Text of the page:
METAMORPHOSIS: A LOVE STORY
Nestled an hour north of Miami at the Norton Museum in West Palm Beach is “Jenny Saville,” a survey exhibition of paintings and drawings by the celebrated Young British Artist. The first exhibition in the museum’s “Recognition of Art by Women” series (RAW), it is organized by Cheryl Brutvan, the museum’s new curator of contemporary art, and proves, if such a thing was in doubt, that women are now routinely in the artistic forefront (and also lead in the market -- Saville has 70 sales at auction, the top price being $2.4 million).
The exhibition brings together 27 of Saville’s paintings and works on paper made from 1992 to the present. Saville is well known for her monumental nude female figures and portraits, painted with a furious application of confident expressive strokes. The scale of her figures indicates the psychological space the body takes up in our collective psyches -- we are obsessed with diets, nutrition, physical fitness, health, vanity, self-esteem. Saville’s somber, adult lens, directed towards the nude, takes off where Lucian Freud ends, and her interest in surgical and biological metamorphosis reveals an almost "End of Empire" view of the human form.
The earliest painting in the show, Propped (1992), is an enlarged, nearly nude self-portrait of the artist perched atop a stool, her mammoth legs gripping for dear life, her ankles crossed, her feet in high heels. Saville’s crossed arms squeeze her breasts together, and her fingers gouge into her hefty knees, a pose purportedly inspired by Michelangelo’s works. Her head tilts back as if to fall out of the canvas, lips parted in psychological distress. Backwards mirror writing is scrawled across the surface of the painting as Leonardo was known to do. But Saville quotes Luce Irigaray, the Belgian feminist theorist, saying, in part, "if we speak as men have spoken for centuries, words will make us disappear." Clearly, Saville’s portrait aims to be radically different than the way any man has ever painted a woman.
While Saville’s paintings have the feeling of sculpted paint, the bodies and faces she depicts often seem to have been physically assaulted -- beaten, scratched, cut, stretched, pushed and pulled, prodded, scarred, cut, bound, scraped, etc., a list of actions reminiscent of Richard Serra’s 1960s Verb List, except that Saville has applied it to the human beings she paints rather than to inanimate sculptural materials. Her past experiences witnessing face-lifts, compounded with her time spent sketching corpses in morgues, have given her a usually well-informed understanding of the insides of the body.
Whether plastic surgery or sexual reassignment surgery, Saville’s overarching interest has been the body in transformation. The show also includes two sketches on paper of transsexuals -- or “in-betweens,” as she calls them -- both titled Transvestite Paint Study (ca. 2003-04). They are beautiful, skillfully and honestly rendered.
Portraits abound in this show. For Reverse (2002), a fiery horizontal self-portrait showing the artist lying on the floor or on a table, Saville manually manipulated the flesh of her own face by stuffing cotton in her checks, a modification inspired by actor Marlon Brando in Francis Ford Coppola’s film The Godfather. Hyphen (1989-99) is a double portrait that seems to render Saville and her sister as giant Siamese Twin babies. Several paintings and drawings are part of a series titled “Stare,” executed between 2004-2011, which depict a young boy whose full lips are curled into a subtle snarl. The undeniable lusciousness of Saville’s painterly bravura is mitigated by an element of detachment, as the subject’s eyes are painted behind a soft focused haze.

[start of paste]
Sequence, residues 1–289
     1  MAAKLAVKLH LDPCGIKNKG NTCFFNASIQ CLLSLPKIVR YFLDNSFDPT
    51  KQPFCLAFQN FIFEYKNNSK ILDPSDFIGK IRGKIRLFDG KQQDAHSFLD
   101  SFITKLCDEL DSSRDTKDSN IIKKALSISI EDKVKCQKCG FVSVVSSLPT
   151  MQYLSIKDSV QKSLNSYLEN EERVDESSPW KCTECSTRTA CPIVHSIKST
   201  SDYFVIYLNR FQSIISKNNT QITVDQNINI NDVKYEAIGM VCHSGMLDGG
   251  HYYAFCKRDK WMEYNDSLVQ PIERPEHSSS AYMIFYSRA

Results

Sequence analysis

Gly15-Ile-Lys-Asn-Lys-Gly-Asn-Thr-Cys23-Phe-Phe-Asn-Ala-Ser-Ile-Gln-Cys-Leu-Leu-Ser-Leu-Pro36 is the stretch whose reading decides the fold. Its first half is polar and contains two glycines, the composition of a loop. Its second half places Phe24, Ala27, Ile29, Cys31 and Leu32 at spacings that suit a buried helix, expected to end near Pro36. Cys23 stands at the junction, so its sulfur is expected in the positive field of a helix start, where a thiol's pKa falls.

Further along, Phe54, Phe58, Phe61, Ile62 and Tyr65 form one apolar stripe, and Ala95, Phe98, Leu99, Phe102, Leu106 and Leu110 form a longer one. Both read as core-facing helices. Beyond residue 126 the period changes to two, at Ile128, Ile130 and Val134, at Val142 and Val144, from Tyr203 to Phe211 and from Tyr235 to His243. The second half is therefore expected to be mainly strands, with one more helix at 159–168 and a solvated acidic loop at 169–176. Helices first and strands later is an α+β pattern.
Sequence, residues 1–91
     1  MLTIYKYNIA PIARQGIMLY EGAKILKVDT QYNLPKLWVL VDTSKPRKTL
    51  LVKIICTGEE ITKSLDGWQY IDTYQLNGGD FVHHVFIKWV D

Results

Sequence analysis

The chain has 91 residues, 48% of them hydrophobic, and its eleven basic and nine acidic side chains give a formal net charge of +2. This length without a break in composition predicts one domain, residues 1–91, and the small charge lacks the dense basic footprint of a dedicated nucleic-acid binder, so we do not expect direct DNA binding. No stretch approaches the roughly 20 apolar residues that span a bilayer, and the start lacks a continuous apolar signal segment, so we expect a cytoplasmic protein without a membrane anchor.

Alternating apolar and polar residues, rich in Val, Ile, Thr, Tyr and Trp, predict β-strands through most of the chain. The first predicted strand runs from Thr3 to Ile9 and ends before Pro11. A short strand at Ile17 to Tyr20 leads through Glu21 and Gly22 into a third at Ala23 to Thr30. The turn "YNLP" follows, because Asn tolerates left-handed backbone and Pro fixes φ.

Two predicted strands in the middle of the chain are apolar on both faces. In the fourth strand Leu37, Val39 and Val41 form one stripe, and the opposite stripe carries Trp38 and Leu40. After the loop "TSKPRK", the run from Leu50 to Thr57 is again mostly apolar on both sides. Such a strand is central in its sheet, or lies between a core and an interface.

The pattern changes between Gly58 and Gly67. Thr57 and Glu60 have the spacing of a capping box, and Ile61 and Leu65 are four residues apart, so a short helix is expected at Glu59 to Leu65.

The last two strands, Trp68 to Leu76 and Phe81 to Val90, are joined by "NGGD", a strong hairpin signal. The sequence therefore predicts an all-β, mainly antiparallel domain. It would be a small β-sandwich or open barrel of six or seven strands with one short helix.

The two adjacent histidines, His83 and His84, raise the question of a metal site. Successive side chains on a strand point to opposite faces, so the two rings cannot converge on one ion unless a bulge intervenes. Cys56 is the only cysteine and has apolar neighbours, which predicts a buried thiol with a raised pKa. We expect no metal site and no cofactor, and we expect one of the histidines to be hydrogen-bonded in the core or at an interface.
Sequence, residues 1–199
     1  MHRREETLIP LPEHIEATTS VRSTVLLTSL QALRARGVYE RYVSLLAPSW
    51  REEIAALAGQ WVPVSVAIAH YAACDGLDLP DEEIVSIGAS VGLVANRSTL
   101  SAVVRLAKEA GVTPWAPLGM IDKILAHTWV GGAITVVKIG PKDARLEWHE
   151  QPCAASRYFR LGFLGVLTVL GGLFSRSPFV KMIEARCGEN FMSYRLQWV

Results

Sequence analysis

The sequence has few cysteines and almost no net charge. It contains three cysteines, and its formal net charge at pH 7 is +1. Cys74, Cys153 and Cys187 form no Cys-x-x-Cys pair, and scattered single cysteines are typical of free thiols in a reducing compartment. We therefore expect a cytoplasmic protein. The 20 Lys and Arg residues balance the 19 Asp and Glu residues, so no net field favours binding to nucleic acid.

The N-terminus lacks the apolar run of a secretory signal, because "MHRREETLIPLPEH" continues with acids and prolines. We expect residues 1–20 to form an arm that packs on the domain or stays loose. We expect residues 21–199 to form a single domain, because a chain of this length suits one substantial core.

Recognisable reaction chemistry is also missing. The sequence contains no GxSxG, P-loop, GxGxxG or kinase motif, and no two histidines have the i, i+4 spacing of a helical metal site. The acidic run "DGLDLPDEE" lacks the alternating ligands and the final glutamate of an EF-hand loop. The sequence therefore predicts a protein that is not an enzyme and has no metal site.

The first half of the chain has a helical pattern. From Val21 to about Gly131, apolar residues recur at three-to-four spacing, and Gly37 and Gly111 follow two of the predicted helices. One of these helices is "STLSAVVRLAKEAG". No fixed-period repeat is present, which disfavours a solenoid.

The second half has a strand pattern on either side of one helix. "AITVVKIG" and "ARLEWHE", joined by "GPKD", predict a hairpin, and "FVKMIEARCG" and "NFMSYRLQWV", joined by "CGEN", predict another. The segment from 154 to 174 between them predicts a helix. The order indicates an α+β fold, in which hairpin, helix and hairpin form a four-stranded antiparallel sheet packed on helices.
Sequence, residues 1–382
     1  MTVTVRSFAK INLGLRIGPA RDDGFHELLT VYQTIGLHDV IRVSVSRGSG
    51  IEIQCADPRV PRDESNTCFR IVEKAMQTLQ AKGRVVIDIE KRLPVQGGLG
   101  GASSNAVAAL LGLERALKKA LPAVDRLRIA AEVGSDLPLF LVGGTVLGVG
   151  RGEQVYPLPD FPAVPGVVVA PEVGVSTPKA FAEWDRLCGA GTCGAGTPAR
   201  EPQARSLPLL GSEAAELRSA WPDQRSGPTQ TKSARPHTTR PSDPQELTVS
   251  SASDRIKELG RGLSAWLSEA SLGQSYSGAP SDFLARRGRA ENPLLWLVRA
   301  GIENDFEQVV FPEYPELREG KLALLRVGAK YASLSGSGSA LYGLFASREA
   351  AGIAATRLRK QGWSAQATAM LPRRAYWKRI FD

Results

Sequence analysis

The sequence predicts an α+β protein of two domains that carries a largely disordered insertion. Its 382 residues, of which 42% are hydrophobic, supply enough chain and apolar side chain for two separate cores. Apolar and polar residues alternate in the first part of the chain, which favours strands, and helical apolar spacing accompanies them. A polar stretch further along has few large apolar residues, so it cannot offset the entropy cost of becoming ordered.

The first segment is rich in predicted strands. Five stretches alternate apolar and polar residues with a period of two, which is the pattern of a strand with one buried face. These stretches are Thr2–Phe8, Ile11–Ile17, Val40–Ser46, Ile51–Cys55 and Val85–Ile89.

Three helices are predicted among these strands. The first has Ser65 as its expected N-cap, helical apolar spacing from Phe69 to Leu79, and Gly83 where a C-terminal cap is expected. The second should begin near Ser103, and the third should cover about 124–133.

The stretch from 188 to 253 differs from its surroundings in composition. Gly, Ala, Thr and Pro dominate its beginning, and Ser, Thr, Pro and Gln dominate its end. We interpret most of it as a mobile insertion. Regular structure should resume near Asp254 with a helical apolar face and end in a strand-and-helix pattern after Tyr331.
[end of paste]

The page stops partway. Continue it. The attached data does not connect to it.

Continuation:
Abundantly represented is her latest series of charcoal and pastel works on paper, “Leonardo 2009-2011,” inspired by Leonardo’s Virgin and Child with Saint Anne and Saint John the Baptist (ca. 1499-1500). Here, Saville’s exquisite draftsmanship and frenetic mark-making reign. The squirming infants wiggle uncontrollably on the pregnant women’s bodies. But these physical transformations are biological, and sexual activity, not surgery, has transformed the female body to the enormous sizes reminiscent of some of her earlier figures. It’s fascinating to go back to the first gallery and view Fulcrum (1997-99), installed just a few steps away.
The exhibition culminates with Atonement Studies: Central Panel (Rosetta) (2005-06), which depicts a blind woman Saville met while living and working in Palermo. Saville calls her subject “the most beautiful woman I ever photographed” -- and indeed her titled head, parted lips, milky eyes and striking bone structure are all illuminated by her peachy skin tone and blue-ish shadows, a feat of expressionist glory.
The exhibition is accompanied by a catalogue with informative essays by Cheryl Brutvan and Nicholas Cullinan, curator at the Tate Modern, and is elegantly designed by Bethany Johns. The book includes many photographs of Saville’s studio, along with art historical and forensic source material.
Saville’s work doesn’t titillate or entertain, but asks larger questions about what it means to inhabit a body in the late 20th and early 21st century. We are all born with this flesh and these bones, and no matter how we choose to alter them, they remain ours. Then they’re gone. Saville’s work takes us on a tour through some corporal possibilities -- and I, for one, enjoy the ride.
“Jenny Saville,” Nov. 30, 2011-Mar. 4, 2012, Norton Museum of Art, 1451 S. Olive Avenue, West Palm Beach, FL, 33401.
PATRICIA CRONIN is an artist who lives and works in New York. A solo exhibition of her work, "Memorial to a Marriage," goes on view at Conner Contemporary Art, Feb. 4-Mar. 10, 2012, in Washington, D.C.